Addis Ababa is one of the major gateways to East Africa, India and the Middle East. Ethiopian Airlines offers cheap flights to these otherwise-hard-to-reach destinations. So many travelers find themselves with a long layover in Addis Ababa either at the beginning of their Ethiopia journeys or en route to somewhere else.
But there’s no reason to spend 17 hours sitting in an airport during a layover in Addis Ababa. Ethiopia’s capital is a dynamic city with a handful of world-class sites, excellent food, the largest market in Africa, and the country’s best variety of accommodation.
Ethiopia provides transit visas, including a tour, to travelers on layovers. But you can also visit the city on your own. So in this post, I’ll walk you through how to explore the city independently if you have a one-day layover in Addis Ababa.
Apologies for the bad photos in this one…I didn’t want to carry my good camera around Addis.
- 1 Things to do in Addis Ababa
- 1.1 Can’t-miss museums
- 1.2 Churches and important buildings
- 1.3 Merkato and surrounds
- 1.4 Eat all the things
- 2 Practicalities for your layover in Addis Ababa
- 3 Should you leave the airport on a layover in Addis Ababa?
Things to do in Addis Ababa
Addis Ababa has some of Africa’s best museums. They’re a convenient way to get a taste of Ethiopian culture on a short stop.
Ethiopian Ethnological Museum
This is the one attraction you should definitely not skip on your layover in Addis Ababa. It’s one of the best ethnography museums I’ve visited not just in Africa, but anywhere in the world.
The museum covers indigenous cultures and traditions from across the country, all well-displayed and labeled in English. It occupies a building on the pretty, quiet campus of the University of Addis Ababa.
The museum starts with an overview of the different ethnic groups in Ethiopia. It has a strong focus on the tribes of the Omo Valley. If you’re uncomfortable with the relationship between photography, tourism, and tribal heritage in South Omo, this section of the museum is a low-impact alternative to learn about them.
It also has displays of more modern life, including a fascinating section on traditional Ethiopian beekeeping. You’ll learn the origins of the coffee ceremony, how to harvest teff (the local grain that the staple food injera is made from), and what the grave markers used in the Omo Valley mean.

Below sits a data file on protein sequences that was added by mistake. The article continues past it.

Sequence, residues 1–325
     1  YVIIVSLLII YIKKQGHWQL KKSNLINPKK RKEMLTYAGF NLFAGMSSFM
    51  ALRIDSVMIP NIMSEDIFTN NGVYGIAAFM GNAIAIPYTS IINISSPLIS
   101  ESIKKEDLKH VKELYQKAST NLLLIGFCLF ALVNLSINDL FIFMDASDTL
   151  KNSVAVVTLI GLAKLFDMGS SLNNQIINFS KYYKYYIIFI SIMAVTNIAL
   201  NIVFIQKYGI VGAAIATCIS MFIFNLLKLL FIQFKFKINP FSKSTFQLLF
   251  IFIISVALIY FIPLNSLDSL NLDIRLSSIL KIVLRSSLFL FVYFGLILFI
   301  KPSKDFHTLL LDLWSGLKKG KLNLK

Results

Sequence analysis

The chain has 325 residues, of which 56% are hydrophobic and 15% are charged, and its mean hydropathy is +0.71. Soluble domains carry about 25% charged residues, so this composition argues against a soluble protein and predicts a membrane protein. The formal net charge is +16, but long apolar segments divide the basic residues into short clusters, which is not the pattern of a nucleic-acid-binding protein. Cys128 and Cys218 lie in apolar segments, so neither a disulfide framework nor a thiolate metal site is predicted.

The second floor of the museum displays a chronology of traditional religious paintings, so you can see how they’ve changed over time. But the real highlight is an extensive display of musical instruments. You can even try playing some of them!
Cost: 100 birr
Time: Allow two hours. You could rush through faster, but you’d miss stuff.
How to arrange it: Just show up; the museum is never crowded. It’s a bit hard to reach by minibus — if your budget allows taxis, it’s worth the splurge.
Ethiopian National Museum
Ethiopia’s second-best museum is the National Museum. As the birthplace of civilization, Ethiopia has some pretty old stuff — and this museum contains much of it.
Most people come here to see the replica of Lucy, thought to be one of mankind’s oldest ancestors. The displays on the evolution of humans and archaeology in Ethiopia are excellent and labeled in English.
The ground floor of the museum contains many ancient statues and artifacts from around Ethiopia. There are also extensive traditional and modern art displays — I really enjoyed the modern art on the top floor.
Cost: 10 birr
Time: 1 hour max
How to arrange: It’s easy to get here by minibus or taxi. Domestic and international tour groups descend on this one en masse, so time your visit for early in the day.
Red Terror Museum
Anyone born before 1990 will be familiar with the stereotype of Ethiopia as a barren desert nation full of starving children. This stereotype came out of an extreme famine that hit the country in the 80’s, largely thanks to the disastrous Derg regime.
The Red Terror Museum is a monument to the victims of the Derg. It’s an essential stop for anyone traveling in Ethiopia or on a layover in Addis Ababa. You’ll see graphic depictions of what the Derg leaders did to its its victims, including bloody clothing, displays of torture devices, and heartbreaking letters written from prisoners to their family members. It ends with a large wall with photographs of the known victims.
It’s a very moving and impactful museum, all the more so because many of the staff are survivors of Derg-era violence. They’re more than happy to accompany you through the displays and contextualize them for you.
Cost: Free, but you should leave a donation
Time: 1 hour
How to arrange: The museum is just off Meskel Square, so it’s very easy to access. Ask the staff at the front desk to show you around if you want more in-depth information, but be sure to leave a bigger donation if you do.
Churches and important buildings